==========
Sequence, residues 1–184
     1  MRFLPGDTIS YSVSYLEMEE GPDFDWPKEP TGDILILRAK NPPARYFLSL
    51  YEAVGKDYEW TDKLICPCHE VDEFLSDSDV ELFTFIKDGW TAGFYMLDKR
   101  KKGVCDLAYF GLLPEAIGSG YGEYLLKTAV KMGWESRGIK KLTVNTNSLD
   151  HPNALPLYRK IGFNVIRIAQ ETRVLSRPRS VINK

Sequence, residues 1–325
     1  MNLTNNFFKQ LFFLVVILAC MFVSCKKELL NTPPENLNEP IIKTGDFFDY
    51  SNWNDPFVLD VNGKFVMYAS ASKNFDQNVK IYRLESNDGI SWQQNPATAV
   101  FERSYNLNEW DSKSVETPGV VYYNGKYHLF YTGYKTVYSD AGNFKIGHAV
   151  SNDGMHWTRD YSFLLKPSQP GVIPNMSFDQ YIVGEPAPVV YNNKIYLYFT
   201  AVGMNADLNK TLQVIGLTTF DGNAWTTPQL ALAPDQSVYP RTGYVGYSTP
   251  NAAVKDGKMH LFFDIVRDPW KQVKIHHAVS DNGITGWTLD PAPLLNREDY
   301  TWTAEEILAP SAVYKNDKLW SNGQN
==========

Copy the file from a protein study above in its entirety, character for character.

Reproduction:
Sequence, residues 1–184
     1  MRFLPGDTIS YSVSYLEMEE GPDFDWPKEP TGDILILRAK NPPARYFLSL
    51  YEAVGKDYEW TDKLICPCHE VDEFLSDSDV ELFTFIKDGW TAGFYMLDKR
   101  KKGVCDLAYF GLLPEAIGSG YGEYLLKTAV KMGWESRGIK KLTVNTNSLD
   151  HPNALPLYRK IGFNVIRIAQ ETRVLSRPRS VINK

Sequence, residues 1–325
     1  MNLTNNFFKQ LFFLVVILAC MFVSCKKELL NTPPENLNEP IIKTGDFFDY
    51  SNWNDPFVLD VNGKFVMYAS ASKNFDQNVK IYRLESNDGI SWQQNPATAV
   101  FERSYNLNEW DSKSVETPGV VYYNGKYHLF YTGYKTVYSD AGNFKIGHAV
   151  SNDGMHWTRD YSFLLKPSQP GVIPNMSFDQ YIVGEPAPVV YNNKIYLYFT
   201  AVGMNADLNK TLQVIGLTTF DGNAWTTPQL ALAPDQSVYP RTGYVGYSTP
   251  NAAVKDGKMH LFFDIVRDPW KQVKIHHAVS DNGITGWTLD PAPLLNREDY
   301  TWTAEEILAP SAVYKNDKLW SNGQN